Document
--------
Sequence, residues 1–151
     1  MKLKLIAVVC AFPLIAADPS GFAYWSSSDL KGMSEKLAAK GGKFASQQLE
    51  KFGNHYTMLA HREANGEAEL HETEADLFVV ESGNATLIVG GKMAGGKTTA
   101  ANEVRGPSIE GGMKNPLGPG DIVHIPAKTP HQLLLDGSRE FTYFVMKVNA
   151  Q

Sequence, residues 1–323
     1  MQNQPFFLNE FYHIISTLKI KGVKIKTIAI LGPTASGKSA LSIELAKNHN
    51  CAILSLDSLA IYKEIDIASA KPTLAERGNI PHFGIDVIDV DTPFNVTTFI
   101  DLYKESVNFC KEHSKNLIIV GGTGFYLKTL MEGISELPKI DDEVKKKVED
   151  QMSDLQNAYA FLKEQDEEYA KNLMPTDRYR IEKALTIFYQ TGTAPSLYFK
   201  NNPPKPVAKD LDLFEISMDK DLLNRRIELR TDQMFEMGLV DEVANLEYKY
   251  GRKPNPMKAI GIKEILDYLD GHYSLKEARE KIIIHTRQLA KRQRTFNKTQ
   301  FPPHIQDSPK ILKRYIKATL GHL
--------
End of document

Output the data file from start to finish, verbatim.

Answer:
Sequence, residues 1–151
     1  MKLKLIAVVC AFPLIAADPS GFAYWSSSDL KGMSEKLAAK GGKFASQQLE
    51  KFGNHYTMLA HREANGEAEL HETEADLFVV ESGNATLIVG GKMAGGKTTA
   101  ANEVRGPSIE GGMKNPLGPG DIVHIPAKTP HQLLLDGSRE FTYFVMKVNA
   151  Q

Sequence, residues 1–323
     1  MQNQPFFLNE FYHIISTLKI KGVKIKTIAI LGPTASGKSA LSIELAKNHN
    51  CAILSLDSLA IYKEIDIASA KPTLAERGNI PHFGIDVIDV DTPFNVTTFI
   101  DLYKESVNFC KEHSKNLIIV GGTGFYLKTL MEGISELPKI DDEVKKKVED
   151  QMSDLQNAYA FLKEQDEEYA KNLMPTDRYR IEKALTIFYQ TGTAPSLYFK
   201  NNPPKPVAKD LDLFEISMDK DLLNRRIELR TDQMFEMGLV DEVANLEYKY
   251  GRKPNPMKAI GIKEILDYLD GHYSLKEARE KIIIHTRQLA KRQRTFNKTQ
   301  FPPHIQDSPK ILKRYIKATL GHL